Matlab

Description

Matlab is a high-level language and interactive environment for algorithm development, data visualization, data analysis, and numeric computation.

External documenation:

Usage

To start the Matlab GUI on our HPC systems, simply load the appropriate module (module load matlab/version) and then run matlab in your shell. To get a brief summary of all command line options, run matlab -nodisplay -help. Please refer to the official Matlab documentation or consult the Matlab helpdesk (issue the helpdesk command within your Matlab Command Window) for general usage information.

Note Matlab sometimes requires ludicrous amounts of virtual memory, so don't be surprised if your job gets killed when starting Matlab (especially the Matlab GUI).

You can help prevent this by doing the following:

  • To run your myprogram.m M-file, use
    matlab -nodisplay -nojvm -batch myprogram
    to avoid unnecessary overhead,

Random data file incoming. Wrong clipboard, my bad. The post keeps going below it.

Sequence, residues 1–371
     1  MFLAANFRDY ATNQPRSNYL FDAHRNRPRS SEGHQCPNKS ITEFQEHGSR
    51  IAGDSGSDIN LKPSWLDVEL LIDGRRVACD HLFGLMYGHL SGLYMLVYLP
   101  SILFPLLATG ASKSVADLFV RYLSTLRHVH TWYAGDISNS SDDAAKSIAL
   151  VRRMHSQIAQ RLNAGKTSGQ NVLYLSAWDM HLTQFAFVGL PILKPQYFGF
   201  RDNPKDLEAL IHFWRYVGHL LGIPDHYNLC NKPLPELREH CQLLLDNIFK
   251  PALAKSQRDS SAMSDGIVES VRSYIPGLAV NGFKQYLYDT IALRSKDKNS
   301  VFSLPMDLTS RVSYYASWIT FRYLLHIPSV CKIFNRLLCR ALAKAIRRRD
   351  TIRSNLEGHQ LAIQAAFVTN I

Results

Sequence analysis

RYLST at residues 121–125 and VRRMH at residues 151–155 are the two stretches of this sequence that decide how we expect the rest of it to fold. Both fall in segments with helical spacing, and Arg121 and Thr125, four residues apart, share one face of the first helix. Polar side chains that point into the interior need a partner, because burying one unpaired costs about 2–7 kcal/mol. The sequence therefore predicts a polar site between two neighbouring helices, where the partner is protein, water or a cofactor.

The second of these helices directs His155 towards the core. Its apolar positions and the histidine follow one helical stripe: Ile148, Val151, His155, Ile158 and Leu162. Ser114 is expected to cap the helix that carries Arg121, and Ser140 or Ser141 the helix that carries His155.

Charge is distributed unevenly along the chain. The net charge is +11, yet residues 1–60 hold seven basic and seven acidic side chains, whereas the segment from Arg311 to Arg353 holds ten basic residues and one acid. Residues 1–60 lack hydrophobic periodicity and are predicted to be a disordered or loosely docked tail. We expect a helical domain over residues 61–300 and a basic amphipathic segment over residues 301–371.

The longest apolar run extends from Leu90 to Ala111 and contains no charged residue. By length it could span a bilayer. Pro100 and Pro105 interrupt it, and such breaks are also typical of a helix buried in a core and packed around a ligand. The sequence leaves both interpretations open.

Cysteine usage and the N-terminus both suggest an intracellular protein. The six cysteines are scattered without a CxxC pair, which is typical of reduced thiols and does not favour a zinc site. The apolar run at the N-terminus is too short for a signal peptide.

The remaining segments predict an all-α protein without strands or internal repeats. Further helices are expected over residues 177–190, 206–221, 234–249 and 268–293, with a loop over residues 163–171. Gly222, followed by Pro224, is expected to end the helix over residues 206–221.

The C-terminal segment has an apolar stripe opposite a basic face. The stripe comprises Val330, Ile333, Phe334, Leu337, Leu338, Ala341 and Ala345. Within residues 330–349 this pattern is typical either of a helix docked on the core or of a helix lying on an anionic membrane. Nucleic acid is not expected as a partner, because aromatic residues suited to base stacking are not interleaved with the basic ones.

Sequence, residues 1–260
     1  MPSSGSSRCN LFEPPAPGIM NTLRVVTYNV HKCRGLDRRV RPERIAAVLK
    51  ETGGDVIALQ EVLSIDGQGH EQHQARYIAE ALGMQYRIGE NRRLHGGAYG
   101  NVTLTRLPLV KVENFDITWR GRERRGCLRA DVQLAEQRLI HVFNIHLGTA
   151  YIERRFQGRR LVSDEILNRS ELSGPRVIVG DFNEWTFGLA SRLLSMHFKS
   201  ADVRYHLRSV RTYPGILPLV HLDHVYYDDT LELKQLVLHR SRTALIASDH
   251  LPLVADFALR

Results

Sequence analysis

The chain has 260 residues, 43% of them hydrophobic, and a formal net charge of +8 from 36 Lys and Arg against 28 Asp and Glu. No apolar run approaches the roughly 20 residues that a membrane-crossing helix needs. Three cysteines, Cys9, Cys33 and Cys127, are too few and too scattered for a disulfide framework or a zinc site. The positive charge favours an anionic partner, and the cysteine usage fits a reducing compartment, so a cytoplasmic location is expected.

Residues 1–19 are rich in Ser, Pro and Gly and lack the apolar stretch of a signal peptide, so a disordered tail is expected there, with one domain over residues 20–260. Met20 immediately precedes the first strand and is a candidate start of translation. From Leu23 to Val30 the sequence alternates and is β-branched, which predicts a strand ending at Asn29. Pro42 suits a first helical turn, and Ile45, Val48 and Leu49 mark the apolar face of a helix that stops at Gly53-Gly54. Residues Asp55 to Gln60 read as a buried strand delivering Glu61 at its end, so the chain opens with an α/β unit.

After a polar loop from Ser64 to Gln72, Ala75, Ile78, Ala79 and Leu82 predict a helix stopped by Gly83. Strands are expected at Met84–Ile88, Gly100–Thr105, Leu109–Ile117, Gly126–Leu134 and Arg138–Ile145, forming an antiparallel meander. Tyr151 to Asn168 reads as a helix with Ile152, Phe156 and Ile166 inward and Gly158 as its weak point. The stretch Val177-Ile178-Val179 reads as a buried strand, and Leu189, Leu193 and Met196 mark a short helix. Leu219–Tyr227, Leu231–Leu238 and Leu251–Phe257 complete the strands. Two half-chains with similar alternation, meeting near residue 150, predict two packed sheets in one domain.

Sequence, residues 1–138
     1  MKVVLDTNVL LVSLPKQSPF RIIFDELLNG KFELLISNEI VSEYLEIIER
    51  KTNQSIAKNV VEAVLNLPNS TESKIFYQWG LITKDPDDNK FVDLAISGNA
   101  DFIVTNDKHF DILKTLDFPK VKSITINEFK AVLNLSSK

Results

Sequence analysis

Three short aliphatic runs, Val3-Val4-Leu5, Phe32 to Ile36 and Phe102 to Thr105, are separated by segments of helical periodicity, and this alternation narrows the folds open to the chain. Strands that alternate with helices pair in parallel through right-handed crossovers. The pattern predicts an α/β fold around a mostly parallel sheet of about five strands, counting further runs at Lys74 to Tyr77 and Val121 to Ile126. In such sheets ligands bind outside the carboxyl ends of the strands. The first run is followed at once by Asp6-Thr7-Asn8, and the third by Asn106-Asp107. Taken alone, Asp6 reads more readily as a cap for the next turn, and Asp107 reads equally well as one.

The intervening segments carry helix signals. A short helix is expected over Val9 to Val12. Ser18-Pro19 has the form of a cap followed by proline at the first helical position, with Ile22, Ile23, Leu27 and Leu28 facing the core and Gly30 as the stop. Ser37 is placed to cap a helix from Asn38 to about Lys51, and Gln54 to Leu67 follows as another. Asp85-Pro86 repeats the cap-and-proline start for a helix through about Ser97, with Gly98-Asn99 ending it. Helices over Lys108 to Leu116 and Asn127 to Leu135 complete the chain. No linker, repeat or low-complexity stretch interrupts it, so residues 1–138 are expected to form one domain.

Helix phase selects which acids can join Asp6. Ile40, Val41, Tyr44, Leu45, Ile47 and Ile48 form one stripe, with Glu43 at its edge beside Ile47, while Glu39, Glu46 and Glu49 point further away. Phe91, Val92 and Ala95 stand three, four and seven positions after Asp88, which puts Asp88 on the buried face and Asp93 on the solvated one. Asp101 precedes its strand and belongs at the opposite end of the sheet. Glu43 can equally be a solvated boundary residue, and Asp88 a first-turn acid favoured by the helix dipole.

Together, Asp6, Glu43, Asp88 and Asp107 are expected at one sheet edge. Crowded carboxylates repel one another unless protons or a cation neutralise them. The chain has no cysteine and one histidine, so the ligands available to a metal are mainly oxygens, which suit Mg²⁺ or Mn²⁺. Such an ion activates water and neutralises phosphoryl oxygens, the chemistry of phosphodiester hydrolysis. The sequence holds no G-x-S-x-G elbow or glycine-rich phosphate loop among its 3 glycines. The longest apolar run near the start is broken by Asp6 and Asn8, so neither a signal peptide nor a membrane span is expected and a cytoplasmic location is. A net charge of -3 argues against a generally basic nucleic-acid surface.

• monitor a sample run on the login node using the top command, noting the VIRT (virtual memory) consumption,
  • specify sufficient virtual memory using the -l h_vmem submit option of SGE.

Many Matlab algorithms run in parallel by default using Matlab's multithreading capabilities. If you want to run Matlab in a sequential job, use the -singleCompThread option to prevent Matlab from grabbing all installed CPUs.

To run Matlab in parallel, learn below how to correctly run Matlab in as many threads as you requested in SGE's -pe openmp nproc command line option.

Managing Usage of Matlab Licenses

Note: As of middle 2020, the University of Innsbruck has an unlimited Matlab campus license, so compiling Matlab programs for license economy is currently not necessary. This may change again in the future.

Running a large number of Matlab processes in parallel uses one license per host, leading to shortages when available licenses are limited. The sections below describe how to work around these limitations.